Miami Beach Considering Putting a Bounty on Iguanas

by Taylor Cunningham
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With the Iguana population on the rise in Florida, Miami Beach officials are considering putting a bounty on their heads.

The invasive species has been rapidly multiplying in recent years, destroying plants and structures along the way. So residents are asking the government to remove the nuisance.

“Something more needs to be done,” Barbara Benis told News 10 after one of the lizards destroyed her sea wall.

The green iguana, which is the specific lizard tormenting Miami Beach, is native to South and Central America. It made its way to the United State through the pet trade and by hitching rides on boats.

The animal can grow as big as 5 feet long and is taking a toll on the city’s plant life and property. Aside from devouring residential and commercial landscaping, Iguanas are also decimating the endangered butterfly sage plant, which is the main food source for the also endangered Miami blue butterfly.

Iguanas make further trouble by burrowing and causing sidewalks, sea walls, foundations, and canal banks to collapse. And, they leave droppings that carry salmonella all over porches and swimming pools.

The city originally set aside $50,000 to take care of its lizard problem. That amount jumped to $200,000 in 2022. But when it became obvious that the money wasn’t going toward useful projects, the city council suggested incentivizing iguana hunting.

“I don’t know – dead or alive. But if we pay per iguana, we’re going to get more iguanas,” said Commissioner Kristen Rosen Gonzalez. “People are going to go out and hunt them for money. I think that’s a better use of our money.”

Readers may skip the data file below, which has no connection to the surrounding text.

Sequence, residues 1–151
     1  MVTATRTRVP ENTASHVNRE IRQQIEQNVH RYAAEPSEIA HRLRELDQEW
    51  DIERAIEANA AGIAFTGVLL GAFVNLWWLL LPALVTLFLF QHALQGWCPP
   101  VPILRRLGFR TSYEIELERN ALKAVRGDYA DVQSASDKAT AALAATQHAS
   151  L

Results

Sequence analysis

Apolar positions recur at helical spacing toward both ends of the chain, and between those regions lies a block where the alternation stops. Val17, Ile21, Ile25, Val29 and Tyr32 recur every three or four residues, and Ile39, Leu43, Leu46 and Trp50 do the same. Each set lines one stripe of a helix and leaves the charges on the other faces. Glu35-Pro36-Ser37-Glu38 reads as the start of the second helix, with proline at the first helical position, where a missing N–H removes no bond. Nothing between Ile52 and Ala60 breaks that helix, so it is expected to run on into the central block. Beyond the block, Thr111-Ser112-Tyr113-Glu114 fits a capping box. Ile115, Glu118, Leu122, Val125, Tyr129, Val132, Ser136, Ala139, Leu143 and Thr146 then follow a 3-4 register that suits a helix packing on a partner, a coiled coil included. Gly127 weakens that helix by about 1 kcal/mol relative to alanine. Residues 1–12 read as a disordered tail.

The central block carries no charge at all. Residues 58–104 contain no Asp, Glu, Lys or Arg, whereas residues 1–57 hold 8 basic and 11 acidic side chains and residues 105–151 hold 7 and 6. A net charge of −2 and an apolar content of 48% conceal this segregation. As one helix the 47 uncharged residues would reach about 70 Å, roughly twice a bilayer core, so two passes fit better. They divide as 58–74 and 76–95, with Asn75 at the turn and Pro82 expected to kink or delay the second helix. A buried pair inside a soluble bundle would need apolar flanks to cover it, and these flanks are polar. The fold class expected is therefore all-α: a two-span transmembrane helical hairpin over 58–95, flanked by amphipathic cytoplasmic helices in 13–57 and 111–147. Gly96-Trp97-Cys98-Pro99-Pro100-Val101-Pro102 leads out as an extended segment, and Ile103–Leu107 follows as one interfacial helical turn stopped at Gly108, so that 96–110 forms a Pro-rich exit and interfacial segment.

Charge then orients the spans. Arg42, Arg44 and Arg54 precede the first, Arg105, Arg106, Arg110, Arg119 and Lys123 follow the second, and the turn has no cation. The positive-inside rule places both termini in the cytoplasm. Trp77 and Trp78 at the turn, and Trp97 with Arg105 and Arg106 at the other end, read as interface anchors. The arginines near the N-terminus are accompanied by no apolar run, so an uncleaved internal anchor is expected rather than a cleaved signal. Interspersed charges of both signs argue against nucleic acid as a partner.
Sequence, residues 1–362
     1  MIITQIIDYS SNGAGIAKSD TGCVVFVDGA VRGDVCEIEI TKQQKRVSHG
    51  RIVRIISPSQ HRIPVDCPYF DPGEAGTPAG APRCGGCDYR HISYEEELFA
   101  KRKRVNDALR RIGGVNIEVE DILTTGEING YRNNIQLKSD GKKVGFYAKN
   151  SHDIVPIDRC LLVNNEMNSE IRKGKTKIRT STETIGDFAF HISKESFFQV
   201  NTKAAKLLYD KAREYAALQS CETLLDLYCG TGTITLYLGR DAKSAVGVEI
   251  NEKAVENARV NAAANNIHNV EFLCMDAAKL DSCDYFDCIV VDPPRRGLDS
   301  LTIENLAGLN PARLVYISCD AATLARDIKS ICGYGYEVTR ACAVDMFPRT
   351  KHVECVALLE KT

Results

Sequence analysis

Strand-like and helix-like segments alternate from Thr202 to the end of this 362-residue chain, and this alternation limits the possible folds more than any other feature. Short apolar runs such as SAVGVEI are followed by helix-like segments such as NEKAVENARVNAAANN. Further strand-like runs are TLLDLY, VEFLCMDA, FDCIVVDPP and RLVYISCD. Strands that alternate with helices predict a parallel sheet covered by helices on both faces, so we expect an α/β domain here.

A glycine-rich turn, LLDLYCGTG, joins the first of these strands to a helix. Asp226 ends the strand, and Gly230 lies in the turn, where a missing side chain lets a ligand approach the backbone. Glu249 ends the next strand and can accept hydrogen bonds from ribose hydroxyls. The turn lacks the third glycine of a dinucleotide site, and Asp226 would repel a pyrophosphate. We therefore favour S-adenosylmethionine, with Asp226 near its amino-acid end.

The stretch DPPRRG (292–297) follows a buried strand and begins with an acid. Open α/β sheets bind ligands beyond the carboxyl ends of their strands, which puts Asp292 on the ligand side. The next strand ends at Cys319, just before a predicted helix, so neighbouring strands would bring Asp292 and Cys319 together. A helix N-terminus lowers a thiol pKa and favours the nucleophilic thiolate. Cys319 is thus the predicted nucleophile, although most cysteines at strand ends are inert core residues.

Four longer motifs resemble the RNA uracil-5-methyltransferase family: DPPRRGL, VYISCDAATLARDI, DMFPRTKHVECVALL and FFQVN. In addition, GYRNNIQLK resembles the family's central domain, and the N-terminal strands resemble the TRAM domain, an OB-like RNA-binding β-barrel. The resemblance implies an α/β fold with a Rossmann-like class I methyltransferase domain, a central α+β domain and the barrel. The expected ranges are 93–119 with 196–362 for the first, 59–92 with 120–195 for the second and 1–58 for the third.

An Iguana Bounty Led to the ‘Cobra Effect’

The Florida Wildlife Commission says that green iguanas can be legally killed on private property year-round. And only anti-cruelty laws protect them. But the government predicts one possible problem coming from the program—the cobra effect.

The term comes from a similar project funded by the British colonial government in India. When the highly-venomous cobra population grew out of control, officials paid locals for handing over dead snakes. But people soon realized they could make a fortune by breeding the reptile and turning in the dead offspring. In the end, the country had less money and even more cobras.

While officials decide if they will enact their plan, the FWC asks people to take steps to prevent iguanas from coming to their property. The commission suggests removing certain plants that act as attractants and ensuring the holes are properly filled to keep the animal from burrowing. It also says that wind chimes will keep iguanas at bay. And if people see them on their property, spraying them with water will make them leave.

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